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Carbonate Sedimentation on Four Southwestern Caribbean Atolls and Its Relation to the "Oolite Problem" (1)
John D. Milliman
Courtown Cays, Albuquerque Cays and Roncador Bank are small atolls in the southwestern Caribbean, encompassing areas between 22 and 29 km2. The shallow open lagoons contain sediments rich in Halimeda, coral and coralline algae debris, apparently derived from peripheral reef flats and lagoonal patch reefs. Oolite and other non-skeletal carbonates are present only in small amounts.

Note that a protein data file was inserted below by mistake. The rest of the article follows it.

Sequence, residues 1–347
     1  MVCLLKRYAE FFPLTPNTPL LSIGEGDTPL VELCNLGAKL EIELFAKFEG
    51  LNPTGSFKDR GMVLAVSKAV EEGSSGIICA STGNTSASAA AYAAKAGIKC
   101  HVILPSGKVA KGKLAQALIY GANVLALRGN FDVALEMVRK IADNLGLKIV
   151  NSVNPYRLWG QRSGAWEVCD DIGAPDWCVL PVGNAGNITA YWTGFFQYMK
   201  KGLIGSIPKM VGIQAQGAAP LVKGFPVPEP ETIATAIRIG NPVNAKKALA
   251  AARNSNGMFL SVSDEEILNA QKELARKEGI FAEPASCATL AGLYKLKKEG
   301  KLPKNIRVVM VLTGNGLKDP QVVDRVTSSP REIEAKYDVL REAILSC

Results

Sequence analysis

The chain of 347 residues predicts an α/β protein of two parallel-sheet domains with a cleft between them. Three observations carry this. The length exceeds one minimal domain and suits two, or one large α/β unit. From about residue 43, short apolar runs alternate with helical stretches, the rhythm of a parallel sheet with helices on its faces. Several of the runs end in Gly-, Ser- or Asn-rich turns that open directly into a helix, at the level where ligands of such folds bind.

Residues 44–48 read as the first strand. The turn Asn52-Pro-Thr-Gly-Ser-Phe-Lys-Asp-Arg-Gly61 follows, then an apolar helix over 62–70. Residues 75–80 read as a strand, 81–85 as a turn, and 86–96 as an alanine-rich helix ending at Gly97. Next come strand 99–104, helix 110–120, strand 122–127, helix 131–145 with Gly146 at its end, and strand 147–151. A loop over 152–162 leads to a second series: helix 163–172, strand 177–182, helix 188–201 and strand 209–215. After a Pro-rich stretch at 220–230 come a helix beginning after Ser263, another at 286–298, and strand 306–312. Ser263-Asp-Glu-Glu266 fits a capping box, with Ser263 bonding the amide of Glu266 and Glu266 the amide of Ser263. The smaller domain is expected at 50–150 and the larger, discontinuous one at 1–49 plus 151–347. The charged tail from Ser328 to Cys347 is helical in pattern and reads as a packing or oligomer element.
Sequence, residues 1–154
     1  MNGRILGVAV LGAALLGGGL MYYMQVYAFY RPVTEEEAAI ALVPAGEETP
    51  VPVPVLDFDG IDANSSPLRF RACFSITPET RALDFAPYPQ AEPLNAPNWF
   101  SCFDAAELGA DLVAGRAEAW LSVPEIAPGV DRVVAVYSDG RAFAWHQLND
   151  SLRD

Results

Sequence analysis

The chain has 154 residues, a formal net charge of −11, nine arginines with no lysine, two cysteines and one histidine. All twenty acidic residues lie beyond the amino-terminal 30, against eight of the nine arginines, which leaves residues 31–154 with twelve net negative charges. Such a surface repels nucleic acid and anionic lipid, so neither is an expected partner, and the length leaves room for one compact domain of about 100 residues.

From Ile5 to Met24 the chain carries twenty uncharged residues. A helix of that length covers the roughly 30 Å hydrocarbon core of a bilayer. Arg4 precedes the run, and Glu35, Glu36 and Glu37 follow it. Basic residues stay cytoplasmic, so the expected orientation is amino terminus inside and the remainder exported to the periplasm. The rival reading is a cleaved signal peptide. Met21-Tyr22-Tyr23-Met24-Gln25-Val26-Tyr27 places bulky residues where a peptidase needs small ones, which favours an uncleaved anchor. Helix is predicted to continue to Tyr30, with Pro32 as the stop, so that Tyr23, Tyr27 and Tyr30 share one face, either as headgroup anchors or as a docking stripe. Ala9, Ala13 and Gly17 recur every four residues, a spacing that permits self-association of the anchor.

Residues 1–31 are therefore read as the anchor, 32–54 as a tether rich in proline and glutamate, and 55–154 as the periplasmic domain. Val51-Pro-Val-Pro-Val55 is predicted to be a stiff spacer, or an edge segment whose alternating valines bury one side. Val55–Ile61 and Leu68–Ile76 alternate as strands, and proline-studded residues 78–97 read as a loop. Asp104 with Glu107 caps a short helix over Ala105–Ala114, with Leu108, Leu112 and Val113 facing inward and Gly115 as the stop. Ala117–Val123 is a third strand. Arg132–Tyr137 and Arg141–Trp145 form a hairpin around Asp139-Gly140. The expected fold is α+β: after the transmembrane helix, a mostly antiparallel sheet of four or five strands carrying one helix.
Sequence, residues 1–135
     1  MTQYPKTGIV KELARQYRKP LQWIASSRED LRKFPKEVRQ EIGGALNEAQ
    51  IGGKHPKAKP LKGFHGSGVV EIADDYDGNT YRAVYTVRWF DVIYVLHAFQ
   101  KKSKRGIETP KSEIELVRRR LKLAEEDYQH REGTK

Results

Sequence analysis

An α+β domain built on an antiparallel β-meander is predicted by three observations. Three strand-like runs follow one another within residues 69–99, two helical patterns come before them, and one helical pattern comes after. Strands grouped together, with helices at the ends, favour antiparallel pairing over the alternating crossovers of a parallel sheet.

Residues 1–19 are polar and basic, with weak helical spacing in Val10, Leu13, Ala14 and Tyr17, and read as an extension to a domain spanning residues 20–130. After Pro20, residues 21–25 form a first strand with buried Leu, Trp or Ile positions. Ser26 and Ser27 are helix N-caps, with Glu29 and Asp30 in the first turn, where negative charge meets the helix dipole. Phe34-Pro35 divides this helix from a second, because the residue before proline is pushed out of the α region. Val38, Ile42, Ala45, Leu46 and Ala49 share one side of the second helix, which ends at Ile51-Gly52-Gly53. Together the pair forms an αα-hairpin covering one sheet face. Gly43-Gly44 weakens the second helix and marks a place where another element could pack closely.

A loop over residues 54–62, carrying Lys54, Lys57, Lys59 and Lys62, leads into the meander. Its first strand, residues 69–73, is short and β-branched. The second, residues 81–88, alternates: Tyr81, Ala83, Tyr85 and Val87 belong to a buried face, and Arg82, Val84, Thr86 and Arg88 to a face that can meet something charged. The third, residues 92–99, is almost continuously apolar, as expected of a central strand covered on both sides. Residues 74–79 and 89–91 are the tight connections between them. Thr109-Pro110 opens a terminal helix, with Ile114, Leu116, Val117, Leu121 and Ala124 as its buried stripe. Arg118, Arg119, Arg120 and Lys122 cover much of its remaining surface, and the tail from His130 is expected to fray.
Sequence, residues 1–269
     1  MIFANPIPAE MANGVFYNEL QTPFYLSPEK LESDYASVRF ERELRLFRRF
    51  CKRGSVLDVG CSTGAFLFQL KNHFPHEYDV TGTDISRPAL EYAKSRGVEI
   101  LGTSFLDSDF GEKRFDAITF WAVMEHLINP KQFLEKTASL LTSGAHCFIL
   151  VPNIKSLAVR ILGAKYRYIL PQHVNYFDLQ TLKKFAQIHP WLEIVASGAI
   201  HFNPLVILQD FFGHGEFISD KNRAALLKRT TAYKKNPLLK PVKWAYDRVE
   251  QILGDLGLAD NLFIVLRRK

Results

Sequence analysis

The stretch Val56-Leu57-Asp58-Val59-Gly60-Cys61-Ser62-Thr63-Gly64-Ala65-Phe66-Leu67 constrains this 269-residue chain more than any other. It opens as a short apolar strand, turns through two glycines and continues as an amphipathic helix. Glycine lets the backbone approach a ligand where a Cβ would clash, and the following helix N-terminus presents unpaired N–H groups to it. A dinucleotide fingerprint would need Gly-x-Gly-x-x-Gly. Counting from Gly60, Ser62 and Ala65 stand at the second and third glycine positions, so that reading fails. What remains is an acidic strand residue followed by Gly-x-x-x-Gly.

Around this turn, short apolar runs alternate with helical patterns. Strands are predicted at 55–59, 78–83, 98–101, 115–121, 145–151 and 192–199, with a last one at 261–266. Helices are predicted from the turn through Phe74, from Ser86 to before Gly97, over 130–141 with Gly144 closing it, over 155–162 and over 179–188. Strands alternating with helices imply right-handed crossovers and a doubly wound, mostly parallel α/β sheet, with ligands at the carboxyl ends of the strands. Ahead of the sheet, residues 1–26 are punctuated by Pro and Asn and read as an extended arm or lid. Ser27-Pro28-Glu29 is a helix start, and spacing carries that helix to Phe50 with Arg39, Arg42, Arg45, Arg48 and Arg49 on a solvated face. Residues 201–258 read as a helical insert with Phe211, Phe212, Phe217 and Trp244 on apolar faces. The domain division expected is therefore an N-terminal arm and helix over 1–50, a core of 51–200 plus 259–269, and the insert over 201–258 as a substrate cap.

Serrana Bank is almost an order of magnitude larger (191 km2) than the other three atolls, but has roughly similar morphologic and hydrographic environments. Because of their relatively small area, peripheral reefs at Serrana Bank do not contribute a significant amount of sediment to the lagoon. In the eastern lagoon sediments are derived from nearby patch reefs, but in the western lagoon, where hermatypic growth is limited, the dominant sediments are non-skeletal, and include oolite, crypto-crystalline lumps and pelletoids. The reason that such non-skeletal carbonates can form in open lagoon conditions at Serrana Bank and yet are almost entirely lacking in similar environments at the smaller atolls, may be related to the lack of biogenic carbonate sedimentation at Serrana Bank.
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